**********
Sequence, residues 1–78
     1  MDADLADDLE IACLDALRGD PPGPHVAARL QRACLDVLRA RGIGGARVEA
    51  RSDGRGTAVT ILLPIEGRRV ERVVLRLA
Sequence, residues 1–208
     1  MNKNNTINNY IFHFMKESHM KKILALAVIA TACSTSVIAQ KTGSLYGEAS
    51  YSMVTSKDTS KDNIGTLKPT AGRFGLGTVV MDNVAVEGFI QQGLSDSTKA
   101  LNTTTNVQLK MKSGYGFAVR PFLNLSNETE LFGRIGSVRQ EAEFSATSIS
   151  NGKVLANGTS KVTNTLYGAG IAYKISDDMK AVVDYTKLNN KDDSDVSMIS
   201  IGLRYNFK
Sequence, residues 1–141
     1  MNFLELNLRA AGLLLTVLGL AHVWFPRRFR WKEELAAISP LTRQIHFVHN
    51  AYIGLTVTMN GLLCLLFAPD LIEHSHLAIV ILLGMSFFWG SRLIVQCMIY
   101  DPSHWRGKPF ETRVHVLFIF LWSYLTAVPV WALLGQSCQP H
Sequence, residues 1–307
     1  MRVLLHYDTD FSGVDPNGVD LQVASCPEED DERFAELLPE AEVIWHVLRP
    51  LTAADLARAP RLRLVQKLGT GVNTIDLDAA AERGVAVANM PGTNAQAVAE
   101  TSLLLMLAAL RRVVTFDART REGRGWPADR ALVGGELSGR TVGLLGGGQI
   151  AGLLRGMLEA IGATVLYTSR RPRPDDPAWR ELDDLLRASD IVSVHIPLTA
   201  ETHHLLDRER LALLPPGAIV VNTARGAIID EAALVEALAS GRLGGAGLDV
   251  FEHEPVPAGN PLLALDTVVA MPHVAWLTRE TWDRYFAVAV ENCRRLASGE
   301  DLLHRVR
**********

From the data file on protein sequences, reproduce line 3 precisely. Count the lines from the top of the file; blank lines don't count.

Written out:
    51  RSDGRGTAVT ILLPIEGRRV ERVVLRLA